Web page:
It's interesting that the article talks about the No. 5 WR, but when you read Smith's comments about the lack of 4-wide sets, what it's also saying is that the No. 4 WR will primarily play special teams as well.http://blog.atlantafalcons.com/jayadams ... g-no-5-wr/
Special Teams, Not Catches, Crucial to Picking No. 5 WR
Published July 30, 2012 at 12:33 PM
You’ll read it nearly every day if you’re on Twitter: “Kevin Cone just made a great catch,” or “James Rodgers is really quick off the ball and runs nice routes.”
It may lead some to believe that those abilities have created front-runners for the race at the No. 5 wide receiver position, but the truth is, the person who earns that position will be much more adept at special teams than running routes and catching passes.
“In our scheme and who we have at tight end, we won’t be in too many four wide sets,” head coach Mike Smith said during the weekend. “The fifth receiver would be put in the ball game because of injuries. The majority of his snaps will be played on special teams. It will be heavily weighted towards his production on special teams.”
Knowing this, Cone, Rodgers and other contenders — Drew Davis, Tim Toone, Kenny Stafford, Marcus Jackson and Michael Calvin — are focused on really shining during the usual 20-minute period before the start of practice devoted to special teams.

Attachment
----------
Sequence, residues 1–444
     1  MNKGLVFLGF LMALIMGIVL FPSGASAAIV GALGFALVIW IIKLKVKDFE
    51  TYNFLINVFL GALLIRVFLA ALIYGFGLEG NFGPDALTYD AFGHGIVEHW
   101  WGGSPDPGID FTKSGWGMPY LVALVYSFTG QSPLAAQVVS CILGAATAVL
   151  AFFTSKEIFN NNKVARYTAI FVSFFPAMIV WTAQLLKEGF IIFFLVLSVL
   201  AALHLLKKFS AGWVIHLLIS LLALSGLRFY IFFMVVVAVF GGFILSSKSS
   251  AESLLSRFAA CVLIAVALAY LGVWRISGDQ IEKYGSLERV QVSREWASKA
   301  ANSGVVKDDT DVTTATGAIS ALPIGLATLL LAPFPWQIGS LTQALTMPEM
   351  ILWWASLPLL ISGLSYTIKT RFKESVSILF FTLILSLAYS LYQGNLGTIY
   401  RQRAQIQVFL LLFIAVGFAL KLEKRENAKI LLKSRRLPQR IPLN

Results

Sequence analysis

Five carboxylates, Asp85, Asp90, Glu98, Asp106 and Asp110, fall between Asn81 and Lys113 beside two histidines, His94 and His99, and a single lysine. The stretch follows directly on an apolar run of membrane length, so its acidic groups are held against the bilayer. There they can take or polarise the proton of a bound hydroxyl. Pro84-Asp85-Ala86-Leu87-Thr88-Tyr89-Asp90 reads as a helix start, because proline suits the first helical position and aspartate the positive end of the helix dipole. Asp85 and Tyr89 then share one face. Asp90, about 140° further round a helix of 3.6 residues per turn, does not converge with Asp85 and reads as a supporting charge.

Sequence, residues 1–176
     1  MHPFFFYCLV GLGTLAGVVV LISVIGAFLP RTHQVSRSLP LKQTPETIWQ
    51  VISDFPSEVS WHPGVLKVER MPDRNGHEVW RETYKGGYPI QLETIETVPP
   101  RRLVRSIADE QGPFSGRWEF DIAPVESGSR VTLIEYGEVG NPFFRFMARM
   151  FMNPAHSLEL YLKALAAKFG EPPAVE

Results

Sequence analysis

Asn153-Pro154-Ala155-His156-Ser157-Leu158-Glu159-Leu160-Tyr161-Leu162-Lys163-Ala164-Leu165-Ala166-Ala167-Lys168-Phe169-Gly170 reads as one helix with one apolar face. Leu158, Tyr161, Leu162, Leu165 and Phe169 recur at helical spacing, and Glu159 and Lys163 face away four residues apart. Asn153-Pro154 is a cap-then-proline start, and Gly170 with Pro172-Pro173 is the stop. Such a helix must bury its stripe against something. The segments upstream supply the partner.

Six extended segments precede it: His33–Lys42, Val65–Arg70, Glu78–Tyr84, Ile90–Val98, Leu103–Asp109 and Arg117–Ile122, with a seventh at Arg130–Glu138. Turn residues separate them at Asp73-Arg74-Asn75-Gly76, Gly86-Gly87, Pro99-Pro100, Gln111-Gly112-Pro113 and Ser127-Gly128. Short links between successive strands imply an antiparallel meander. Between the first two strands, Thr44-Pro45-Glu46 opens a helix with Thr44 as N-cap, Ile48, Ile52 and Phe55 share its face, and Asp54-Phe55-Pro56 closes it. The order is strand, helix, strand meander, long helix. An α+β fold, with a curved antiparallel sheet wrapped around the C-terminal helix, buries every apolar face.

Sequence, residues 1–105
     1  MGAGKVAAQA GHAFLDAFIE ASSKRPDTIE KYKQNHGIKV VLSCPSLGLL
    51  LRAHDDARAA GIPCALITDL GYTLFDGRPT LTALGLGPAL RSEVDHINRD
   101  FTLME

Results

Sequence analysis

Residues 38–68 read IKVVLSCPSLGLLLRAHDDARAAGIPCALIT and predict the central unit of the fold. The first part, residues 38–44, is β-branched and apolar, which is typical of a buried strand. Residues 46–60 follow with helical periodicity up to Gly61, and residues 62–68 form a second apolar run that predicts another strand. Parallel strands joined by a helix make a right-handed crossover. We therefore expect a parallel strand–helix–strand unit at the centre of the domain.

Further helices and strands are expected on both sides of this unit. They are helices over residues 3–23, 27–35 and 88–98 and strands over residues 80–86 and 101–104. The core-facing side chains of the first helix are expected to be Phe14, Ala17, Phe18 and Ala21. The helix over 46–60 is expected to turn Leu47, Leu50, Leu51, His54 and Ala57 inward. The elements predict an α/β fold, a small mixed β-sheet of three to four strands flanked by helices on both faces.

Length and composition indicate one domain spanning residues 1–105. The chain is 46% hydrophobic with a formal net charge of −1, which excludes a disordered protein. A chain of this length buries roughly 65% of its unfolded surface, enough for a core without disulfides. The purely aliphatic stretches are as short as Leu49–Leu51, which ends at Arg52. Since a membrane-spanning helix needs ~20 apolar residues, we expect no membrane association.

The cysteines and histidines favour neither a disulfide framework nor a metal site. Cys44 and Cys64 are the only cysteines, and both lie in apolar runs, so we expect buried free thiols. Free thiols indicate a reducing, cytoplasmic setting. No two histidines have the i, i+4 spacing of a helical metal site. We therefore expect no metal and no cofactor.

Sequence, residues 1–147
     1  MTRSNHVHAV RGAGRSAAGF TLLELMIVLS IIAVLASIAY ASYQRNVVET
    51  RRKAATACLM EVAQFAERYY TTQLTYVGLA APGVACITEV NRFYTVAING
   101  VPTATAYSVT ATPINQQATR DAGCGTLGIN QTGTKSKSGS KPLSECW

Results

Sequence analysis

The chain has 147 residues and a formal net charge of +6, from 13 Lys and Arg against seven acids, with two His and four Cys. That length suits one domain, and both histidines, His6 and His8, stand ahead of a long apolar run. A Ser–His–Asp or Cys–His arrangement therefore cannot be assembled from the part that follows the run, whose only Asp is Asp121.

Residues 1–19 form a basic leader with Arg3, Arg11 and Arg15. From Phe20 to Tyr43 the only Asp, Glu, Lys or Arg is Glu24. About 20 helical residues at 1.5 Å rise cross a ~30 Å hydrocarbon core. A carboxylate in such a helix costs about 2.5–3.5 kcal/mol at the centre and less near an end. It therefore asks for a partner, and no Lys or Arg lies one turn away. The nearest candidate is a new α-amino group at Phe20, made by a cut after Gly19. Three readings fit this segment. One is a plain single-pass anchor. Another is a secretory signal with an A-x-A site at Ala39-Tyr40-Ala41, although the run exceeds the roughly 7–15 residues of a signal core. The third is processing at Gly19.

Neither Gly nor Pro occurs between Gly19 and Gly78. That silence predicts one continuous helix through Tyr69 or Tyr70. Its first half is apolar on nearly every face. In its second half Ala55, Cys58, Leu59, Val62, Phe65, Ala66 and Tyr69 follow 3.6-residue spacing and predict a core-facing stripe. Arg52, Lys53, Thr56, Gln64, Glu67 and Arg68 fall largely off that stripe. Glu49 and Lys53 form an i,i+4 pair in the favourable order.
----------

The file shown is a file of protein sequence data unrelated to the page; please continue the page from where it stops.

That’s why Cone goes all out during punt block drills, why Rodgers takes every punt return like it’s the real thing, why Toone — just added days ago and likely behind the rest of his teammates at the position — likely feels fortunate to be in the mix at the punt return spot.
“I think special teams is very important because every guy that comes into the National Football League, they have to play special teams,” Rodgers said. “I’m just doing whatever they need me to do, and if that’s going down there and covering kicks, blocking kicks, returning balls, then that’s what I have to do to make the team.”
If there is a front-runner at this stage of the game, however, Cone could probably be considered it, simply based on his past. Cone was signed as an undrafted free agent after 2011 Russell Athletic Atlanta Falcons Training Camp started and earned a spot on the practice squad before eventually being signed to the active roster late in the season and participating on special teams — particularly the kickoff coverage team.
With that experience, it could translate to a better understanding of his responsibilities and what he needs to do to earn that No. 5 position outright.
“I think it carries over a lot. I learned a lot about myself and learned what I need to do to put myself at the next level as far as depth chart and my abilities on the field on special teams,” Cone said. “I think I learned a lot and it’s going to correlate a lot to the field this year.”